What is significant is that the legislation first asserted that what was being done in the NTER constituted ‘special measures'. This was untenable and it is highly unlikely that the simple assertion that the measures were special measures within the meaning of the Convention would have been upheld by a Court. The least of the problems would have been the difficulties involved in the complete lack of any consultation that accompanied the legislation either before or after it was enacted. It thus became necessary to effectively repeal the RDA in the areas affected by the NTER. For good measure the Government simply overrode any inconsistent NT laws. The Rudd Government's amending Bill repeals all of these sections in an apparent attempt to indicate compliance with its election promises.[3]

However, a careful examination of this legislation reveals how qualified that compliance is. S 4 of schedule 1 of the amending Bill provides:

"To avoid doubt:
(a) the repeal of sections of an Act by this Schedule does not have retrospective effect; and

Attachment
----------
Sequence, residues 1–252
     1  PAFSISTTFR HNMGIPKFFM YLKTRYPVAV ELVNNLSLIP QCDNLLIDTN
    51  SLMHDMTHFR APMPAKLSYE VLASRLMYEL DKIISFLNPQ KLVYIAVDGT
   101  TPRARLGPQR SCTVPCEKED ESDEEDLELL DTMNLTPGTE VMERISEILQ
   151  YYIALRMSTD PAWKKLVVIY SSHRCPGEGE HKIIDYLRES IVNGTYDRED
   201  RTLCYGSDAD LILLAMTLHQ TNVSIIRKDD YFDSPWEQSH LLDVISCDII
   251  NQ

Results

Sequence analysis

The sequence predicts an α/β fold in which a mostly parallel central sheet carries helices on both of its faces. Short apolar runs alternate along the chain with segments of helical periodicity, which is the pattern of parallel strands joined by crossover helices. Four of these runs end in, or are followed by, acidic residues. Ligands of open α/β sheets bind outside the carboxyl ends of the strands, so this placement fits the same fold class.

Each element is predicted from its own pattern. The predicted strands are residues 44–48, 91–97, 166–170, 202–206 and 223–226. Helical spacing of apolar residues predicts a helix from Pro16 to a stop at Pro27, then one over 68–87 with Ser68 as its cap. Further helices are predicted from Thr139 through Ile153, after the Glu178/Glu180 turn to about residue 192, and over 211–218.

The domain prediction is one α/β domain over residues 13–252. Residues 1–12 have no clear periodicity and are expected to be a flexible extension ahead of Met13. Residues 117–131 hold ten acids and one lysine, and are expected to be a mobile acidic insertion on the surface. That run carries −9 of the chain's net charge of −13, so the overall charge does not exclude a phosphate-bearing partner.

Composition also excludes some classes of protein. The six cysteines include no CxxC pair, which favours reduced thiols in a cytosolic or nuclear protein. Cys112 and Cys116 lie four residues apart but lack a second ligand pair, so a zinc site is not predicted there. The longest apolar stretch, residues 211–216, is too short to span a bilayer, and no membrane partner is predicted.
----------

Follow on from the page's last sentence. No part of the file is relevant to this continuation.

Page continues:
(b) section 8 of the Acts Interpretation Act 1901 applies to the repeal (unaffected by any contrary intention)"

At first sight this appears to be unexceptionable. However what it does is to preserve the legal effect of everything that was done under the NTER legislation while protecting the Commonwealth from any claims for damages that might otherwise have arisen.

At the same time it highlights the ephemeral nature of the protection afforded by the RDA to victims of racial discrimination in Australia in that it confirms that such protection is very much in the hands of the Government of the day. This falls a long way short of the sort of constitutional guarantee that would be afforded by a Bill of Rights.

However an examination of the further provisions of the Bill reveals just how limited the effect of the so called repeal is. Nowhere is this more apparent than in the area of income protection.

Income Protection

Schedule 2 of the Bill headed "Income management regime" first operates to repeal the definitions of Category A to category G welfare payments contained in s 123TC of the Social Security (Administration) Act. These categories of welfare payment commence with a definition of a Category A welfare payment as meaning:

(a) a social security benefit; or
(b) a social security pension; or
(c) a payment under a scheme known as the ABSTUDY scheme that includes an amount identified as a living allowance.

The remaining categories include category A welfare payments but gradually widen the nature of the payments covered to include payments to include different types of payment such as baby bonuses etc.